Aimia sues largest shareholder over alleged breach of contracted truce
An Aimia logo is shown at the company's annual general meeting in Montreal, Friday, May 4, 2012. (THE CANADIAN PRESS / Graham Hughes)
Ian Bickis, The Canadian Press
Published Monday, July 22, 2019 11:54AM EDT
Last Updated Monday, July 22, 2019 2:38PM EDT
Aimia Inc. has filed a lawsuit against its largest shareholder that accuses the dissident investor of violating a contracted truce, the latest move in a battle over control of the company's board of directors.
The loyalty rewards company said in the lawsuit filed Monday that Mittleman Brothers LLC agreed in March 2018 to a number of terms, including to refrain from seeking control of the board. However, it claims the New York investment firm, which owns 23.3 per cent of Aimia shares, began violating the terms almost immediately.
Aimia board chairman Bill McEwan said in an interview that the lawsuit provides a way to tell shareholders the full story about what Aimia's board sees as an attempt by Mittleman to take over the company.
"We think the statement of claim is legitimate, appropriate, the right time, and provides us with a platform to illuminate all of the shareholders on the real intentions of the Mittleman agenda that we strongly believe do not represent the interests of all shareholders."
Mittleman began to accumulate shares of Aimia in 2017 after Air Canada said it would not renew its partnership with Aimia's Aeroplan business. Aimia sold the Aeroplan business to Air Canada earlier this year for $450 million, leaving it with significant cash on hand but also questions about its future.
The 2018 "standstill" agreement, which expired at the start of July, saw Mittleman agree to support Aimia's board slate in 2018 and 2019 and refrain from advocating publicly for changes. In exchange, Mittleman was given two board seats at Aimia.
In the lawsuit filed with the Ontario Superior Court of Justice, Aimia accuses Mittleman of continuing to advocate for radical change at Aimia throughout the truce, and attempting to orchestrate a covert campaign to encourage other shareholders to withhold their support for Aimia's nominees at the 2019 annual meeting.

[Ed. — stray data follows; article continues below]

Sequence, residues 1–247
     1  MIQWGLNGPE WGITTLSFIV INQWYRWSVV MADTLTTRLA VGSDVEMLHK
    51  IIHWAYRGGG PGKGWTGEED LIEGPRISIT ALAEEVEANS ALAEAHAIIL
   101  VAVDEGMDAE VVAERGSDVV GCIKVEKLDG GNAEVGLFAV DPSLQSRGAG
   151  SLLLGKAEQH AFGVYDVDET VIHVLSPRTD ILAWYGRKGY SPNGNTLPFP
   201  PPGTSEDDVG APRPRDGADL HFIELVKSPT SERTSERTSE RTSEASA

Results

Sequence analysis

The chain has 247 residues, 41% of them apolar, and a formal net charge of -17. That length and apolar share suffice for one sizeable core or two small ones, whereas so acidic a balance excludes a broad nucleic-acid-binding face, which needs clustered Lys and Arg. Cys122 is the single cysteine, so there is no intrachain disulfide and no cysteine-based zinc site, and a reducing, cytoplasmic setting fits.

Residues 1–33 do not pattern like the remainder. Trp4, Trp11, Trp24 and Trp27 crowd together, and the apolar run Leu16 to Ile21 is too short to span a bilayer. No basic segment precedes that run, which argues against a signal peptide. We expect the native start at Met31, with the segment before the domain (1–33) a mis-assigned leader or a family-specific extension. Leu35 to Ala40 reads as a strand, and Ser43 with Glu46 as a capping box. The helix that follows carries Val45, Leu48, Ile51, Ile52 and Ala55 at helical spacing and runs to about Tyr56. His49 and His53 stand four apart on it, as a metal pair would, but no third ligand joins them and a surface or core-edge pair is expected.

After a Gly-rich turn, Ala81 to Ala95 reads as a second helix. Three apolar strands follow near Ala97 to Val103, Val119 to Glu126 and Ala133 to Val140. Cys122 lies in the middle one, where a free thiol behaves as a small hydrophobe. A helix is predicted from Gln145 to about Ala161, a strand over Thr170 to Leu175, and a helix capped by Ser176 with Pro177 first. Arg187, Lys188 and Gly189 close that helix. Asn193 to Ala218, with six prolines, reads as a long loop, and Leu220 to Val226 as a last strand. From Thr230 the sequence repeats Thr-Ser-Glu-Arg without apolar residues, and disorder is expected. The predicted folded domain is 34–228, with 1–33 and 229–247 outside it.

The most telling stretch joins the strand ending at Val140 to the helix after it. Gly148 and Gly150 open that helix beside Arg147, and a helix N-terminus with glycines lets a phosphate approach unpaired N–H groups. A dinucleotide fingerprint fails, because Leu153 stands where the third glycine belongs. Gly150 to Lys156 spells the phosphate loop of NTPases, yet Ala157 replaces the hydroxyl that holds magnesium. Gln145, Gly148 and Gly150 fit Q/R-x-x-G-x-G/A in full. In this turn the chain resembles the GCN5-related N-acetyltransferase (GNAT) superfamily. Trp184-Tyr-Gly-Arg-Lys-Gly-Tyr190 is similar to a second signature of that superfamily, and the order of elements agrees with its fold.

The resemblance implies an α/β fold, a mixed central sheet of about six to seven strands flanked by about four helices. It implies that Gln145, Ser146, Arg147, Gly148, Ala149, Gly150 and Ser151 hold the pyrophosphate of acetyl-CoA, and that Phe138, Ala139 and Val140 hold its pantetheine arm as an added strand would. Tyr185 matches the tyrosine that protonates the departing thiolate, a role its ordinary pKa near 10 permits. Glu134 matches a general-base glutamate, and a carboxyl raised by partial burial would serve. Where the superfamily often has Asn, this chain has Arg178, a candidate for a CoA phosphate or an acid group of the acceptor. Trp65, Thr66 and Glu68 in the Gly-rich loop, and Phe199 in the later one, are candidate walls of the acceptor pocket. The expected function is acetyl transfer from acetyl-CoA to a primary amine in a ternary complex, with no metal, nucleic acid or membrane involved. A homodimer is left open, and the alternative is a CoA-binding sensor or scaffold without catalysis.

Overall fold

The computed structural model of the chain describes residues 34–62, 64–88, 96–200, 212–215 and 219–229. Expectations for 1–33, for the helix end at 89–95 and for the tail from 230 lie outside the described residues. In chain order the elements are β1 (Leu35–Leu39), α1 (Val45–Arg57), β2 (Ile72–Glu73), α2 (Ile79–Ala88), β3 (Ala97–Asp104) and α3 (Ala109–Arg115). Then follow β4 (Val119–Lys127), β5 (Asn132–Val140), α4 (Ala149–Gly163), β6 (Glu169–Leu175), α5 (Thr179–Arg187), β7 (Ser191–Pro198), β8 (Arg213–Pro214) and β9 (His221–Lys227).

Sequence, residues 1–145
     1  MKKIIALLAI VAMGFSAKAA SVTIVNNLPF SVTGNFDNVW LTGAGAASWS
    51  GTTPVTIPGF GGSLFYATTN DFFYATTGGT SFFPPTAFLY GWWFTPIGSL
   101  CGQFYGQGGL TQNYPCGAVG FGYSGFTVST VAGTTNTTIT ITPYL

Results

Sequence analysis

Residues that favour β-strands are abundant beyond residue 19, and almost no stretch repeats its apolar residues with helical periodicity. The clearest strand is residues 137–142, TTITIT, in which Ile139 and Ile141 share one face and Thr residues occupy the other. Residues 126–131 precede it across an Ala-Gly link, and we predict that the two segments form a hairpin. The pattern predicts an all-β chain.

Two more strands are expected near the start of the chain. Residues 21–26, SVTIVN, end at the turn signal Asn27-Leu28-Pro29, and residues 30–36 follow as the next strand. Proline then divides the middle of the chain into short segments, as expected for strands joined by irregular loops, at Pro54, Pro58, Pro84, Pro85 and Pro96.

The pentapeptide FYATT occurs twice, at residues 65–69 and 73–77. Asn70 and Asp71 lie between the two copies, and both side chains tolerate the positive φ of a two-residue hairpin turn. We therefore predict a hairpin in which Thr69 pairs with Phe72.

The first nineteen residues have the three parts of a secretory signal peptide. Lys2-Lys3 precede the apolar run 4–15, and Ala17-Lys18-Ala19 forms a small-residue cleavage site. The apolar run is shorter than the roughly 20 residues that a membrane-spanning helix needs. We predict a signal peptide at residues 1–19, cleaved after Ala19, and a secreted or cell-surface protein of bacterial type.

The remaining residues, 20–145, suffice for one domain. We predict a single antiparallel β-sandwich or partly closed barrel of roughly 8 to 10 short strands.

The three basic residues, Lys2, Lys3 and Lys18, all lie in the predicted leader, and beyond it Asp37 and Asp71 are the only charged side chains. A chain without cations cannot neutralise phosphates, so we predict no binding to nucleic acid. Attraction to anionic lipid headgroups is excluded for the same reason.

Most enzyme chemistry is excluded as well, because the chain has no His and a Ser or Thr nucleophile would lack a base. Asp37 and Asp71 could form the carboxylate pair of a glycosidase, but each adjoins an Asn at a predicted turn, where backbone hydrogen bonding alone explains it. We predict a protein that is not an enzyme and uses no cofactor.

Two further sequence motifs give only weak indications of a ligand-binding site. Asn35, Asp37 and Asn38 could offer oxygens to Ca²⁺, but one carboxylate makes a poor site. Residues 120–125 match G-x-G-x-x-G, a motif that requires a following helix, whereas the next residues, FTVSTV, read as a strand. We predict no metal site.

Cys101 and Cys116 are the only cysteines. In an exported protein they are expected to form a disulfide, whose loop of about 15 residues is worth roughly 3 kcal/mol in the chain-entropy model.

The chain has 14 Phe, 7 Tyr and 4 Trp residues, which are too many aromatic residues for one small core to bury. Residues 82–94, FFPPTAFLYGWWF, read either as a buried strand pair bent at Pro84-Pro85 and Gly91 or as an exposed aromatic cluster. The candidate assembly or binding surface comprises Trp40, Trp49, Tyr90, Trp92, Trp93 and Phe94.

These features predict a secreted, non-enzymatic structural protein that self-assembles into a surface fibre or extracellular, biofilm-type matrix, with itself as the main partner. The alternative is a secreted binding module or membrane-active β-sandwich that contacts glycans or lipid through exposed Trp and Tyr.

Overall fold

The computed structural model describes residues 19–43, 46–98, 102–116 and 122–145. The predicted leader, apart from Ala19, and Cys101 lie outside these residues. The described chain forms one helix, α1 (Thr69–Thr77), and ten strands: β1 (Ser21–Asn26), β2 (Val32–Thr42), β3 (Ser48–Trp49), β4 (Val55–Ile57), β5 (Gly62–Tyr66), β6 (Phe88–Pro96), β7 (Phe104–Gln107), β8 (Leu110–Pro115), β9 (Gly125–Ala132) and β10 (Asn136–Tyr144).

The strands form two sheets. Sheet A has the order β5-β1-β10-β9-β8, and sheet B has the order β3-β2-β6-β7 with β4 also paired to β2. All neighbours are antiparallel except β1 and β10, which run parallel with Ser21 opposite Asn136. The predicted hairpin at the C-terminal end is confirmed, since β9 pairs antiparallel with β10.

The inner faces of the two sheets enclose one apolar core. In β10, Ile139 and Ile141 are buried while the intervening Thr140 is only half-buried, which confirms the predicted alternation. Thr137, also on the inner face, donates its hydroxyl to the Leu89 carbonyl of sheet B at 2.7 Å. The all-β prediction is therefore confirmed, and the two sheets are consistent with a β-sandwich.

Christopher Mittleman, chief investment officer of the investment firm, said in an emailed statement that the legal claims were baseless and the lawsuit is "appalling in its wastefulness and reprehensible for its falsities."
"The only damaged parties here are Aimia's shareholders as ever more cash is diverted by this board from operations to frivolous lawsuits to counter legitimate shareholder concerns, protecting no stakeholder except for the directors and CEO."
He said the firm will vigorously defend itself and respond more fully soon.
A separate group of shareholders has raised objections to how the company conducted its annual meeting and have called for it to be done again.
The group, dubbed Aimia Shareholders for Accountability, said the chairman refused to conduct votes or take questions and allowed security guards to intimidate shareholders who attempted to speak, with one being "forcibly" removed.
At the time of the meeting, Mittleman Brothers was subject to the standstill agreement with Aimia that required it to vote in favour of Aimia's director nominees and all other matters recommended unanimously by the board, the investment firm said. However, it noted that without its assent, nominees aside from Phil Mittleman would not have received support from the majority of shares voted.
Mittleman warned that Aimia should not assume continued support following the standstill agreement, which ended July 1.
Aimia's legal action seeks to prevent Mittleman from taking steps to remove or replace directors at Aimia that were elected at the 2019 annual meeting, as well as asking for $50 million in damages.
The lawsuit comes days after Mittleman publicly objected to how Aimia appointed two board members just weeks after the annual meeting, where new board members are routinely elected.
Mittleman said the company did not consult it on the appointed directors, who increase the board size by a third, seemingly at odds with the company's previously stated goal of reducing the board from nine members to six to cut costs.
McEwan said the late appointments were simply a result of not having enough time to vet all board candidates before the meeting.
"There was no effort to get around shareholder democracy," he said.
Aimia also launched a lawsuit in U.S. court earlier this year against its former president, alleging Nathaniel Felsher emailed trade secrets to his father, a New York-based investment adviser.
The past two years have been turbulent for the Montreal-based company. Rupert Duchesne, Aimia's previous CEO, stepped away from the job in January 2017, replaced by Jeremy Rabe in May 2018. Former president and chief strategy officer Nathaniel Felsher left in November, less than three months after he took the job.
Aimia's other assets include a 48 per cent stake in Aeromexico's loyalty program, PLM, and a 20 per cent share of AirAsia's loyalty program, Think Big.
With files from Christopher Reynolds